Donna Daniels' cool sports job: New Jersey Devils SVP for business services
After amassing 25 years of experience at the NBA, Donna Daniels assumed she would continue on the hardcourt track. And for the record, she would have been perfectly content with that. As an executive, she was able to keep things fresh over the span of her career by spearheading different departments in sales and sponsorship at headquarters, while also being influential in launching a D-League team and two WNBA teams at their inceptions.
Then the New Jersey Devils organization sought out NBA commissioner Adam Silver's blessing to speak with Daniels. He graciously gave it, and Daniels began her next chapter as senior vice president for business services at the New Jersey Devils and Prudential Center this past April. As for how she's adapting to an entirely different professional sport, she's more than equipped in transitioning after spending her formative years relocating from town to town as her family followed her father's trajectory as a football coach.
With the puck dropping in the Devils' opener on Thursday -- and their home opener next Tuesday -- Daniels details her journey for espnW and explains why she believes in the "never say never" concept.
On the move
My dad was a high school and college football coach, so we moved almost every two years while I was growing up. He would come home on a Friday and say, "OK, I'm on to my next place," and he would be gone on Monday. My mother would stay behind with us to get our studies situated and to sell the house, and then we would meet him at the next destination. It was very exciting, but adapting was definitely a way of life for us -- next team, next school, next set of friends. I have a younger sister and brother, and they were on board as well. I think some of us adjusted better than others, but we helped each other as a group. For me, it was an amazing way to grow up. I didn't really know anything else.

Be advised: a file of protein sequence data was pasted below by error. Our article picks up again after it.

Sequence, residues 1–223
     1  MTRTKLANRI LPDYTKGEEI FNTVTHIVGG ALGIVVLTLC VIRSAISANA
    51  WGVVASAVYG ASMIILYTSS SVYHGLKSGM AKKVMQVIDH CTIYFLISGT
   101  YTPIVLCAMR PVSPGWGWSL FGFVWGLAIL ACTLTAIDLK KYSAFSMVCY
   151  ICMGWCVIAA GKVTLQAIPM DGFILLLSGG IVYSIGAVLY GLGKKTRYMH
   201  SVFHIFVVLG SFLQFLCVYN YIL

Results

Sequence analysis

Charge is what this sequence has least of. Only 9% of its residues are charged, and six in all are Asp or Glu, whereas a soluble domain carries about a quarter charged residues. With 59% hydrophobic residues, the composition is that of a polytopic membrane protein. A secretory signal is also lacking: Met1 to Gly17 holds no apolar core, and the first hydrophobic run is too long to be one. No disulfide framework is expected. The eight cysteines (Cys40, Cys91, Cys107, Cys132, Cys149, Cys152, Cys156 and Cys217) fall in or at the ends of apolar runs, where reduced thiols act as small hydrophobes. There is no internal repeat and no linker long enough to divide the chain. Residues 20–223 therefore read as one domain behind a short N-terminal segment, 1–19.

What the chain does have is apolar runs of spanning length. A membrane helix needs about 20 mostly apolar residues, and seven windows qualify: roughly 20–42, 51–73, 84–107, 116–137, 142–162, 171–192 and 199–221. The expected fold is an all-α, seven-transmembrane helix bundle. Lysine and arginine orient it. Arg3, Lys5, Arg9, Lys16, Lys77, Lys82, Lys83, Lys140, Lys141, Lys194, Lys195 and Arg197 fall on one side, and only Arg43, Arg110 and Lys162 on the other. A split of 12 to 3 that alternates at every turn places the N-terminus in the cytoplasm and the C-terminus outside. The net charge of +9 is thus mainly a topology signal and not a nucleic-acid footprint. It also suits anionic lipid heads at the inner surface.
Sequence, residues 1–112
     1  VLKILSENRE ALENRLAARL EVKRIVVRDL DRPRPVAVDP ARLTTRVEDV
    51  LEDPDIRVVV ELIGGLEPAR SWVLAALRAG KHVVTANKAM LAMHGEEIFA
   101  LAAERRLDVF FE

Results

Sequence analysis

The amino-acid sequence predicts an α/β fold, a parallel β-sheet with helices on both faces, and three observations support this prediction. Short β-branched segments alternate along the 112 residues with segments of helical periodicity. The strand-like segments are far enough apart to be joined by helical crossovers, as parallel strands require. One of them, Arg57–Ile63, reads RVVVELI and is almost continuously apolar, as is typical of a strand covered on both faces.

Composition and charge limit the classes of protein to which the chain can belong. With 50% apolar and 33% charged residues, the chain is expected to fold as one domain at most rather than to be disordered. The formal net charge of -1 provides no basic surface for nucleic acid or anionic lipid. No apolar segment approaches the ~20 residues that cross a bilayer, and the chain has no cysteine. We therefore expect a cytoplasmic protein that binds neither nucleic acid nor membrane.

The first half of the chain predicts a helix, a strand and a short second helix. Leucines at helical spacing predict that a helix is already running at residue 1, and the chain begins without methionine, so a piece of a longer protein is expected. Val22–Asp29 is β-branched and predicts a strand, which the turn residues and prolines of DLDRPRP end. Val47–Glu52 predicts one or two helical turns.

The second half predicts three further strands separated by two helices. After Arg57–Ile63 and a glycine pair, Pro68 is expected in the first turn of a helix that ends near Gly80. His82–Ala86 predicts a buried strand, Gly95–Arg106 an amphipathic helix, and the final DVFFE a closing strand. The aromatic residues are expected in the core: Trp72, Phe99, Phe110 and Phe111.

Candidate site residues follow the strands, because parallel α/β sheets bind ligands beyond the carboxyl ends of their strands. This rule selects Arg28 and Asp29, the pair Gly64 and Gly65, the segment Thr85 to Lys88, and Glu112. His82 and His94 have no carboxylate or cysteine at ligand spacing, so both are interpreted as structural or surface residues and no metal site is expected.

We tried to get to as many games as possible, which included the away games. We would get up at 4 a.m., and my mother would load us all into our wood-paneled station wagon. Sometimes it would take six hours to get there for kickoff, but we lived and breathed it. My dad was able to drive back with us if the team won, which was such a treat. But if they lost, he usually had to go back on the team bus. (Although we probably wouldn't want him in the car with us anyway when they lost!) But then we would say our goodbyes in the parking lot and pile back in the wagon to drive six hours home. It's just what we did.
Trial and error
My father was the coach at Hobart and William Smith in upstate New York when it was time for me to go to college, so I decided to go there to continue to be near my family. I ended up majoring in English because even though I grew up in the sports world, I didn't really understand back then that there was a whole business side to sports. My best friend went into retail in Albany after graduation, so I thought maybe that's what I wanted to do. I think I lasted two months. But I learned what I didn't want to do very quickly, and I'm appreciative of the opportunity for that realization. So I decided to move to New York City to see if I could make it there, although I didn't fully understand what that even meant. I just wanted to survive somehow.
To still be part of the NBA but to start a team from scratch? That was a dream for me. I walked in and said, 'OK, it's just me. Now what?'Donna Daniels
I landed a job at a medical advertising agency, which turned out to be the most amazing first job I could have. I learned a lot about working in an office environment with a great group of people, but I always used to say to my dad, "Wouldn't it be great if I went to work at Madison Square Garden every day?" That was my dream. I pursued it through an alumni connection and landed an interview for a job selling advertising for MSG radio. I assisted in managing inventory for the Knicks, Rangers and St. John's basketball. That was the start of my career in sports, and it opened up a whole new world for me.
After two years at MSG on the sales side, I really thought that I needed some buying experience and moved to the advertising agency Saatchi & Saatchi. This is where I say "never say never" since working at MSG was my ultimate dream. But I really thought being a sports media buyer would be a good move from a career standpoint, which it was.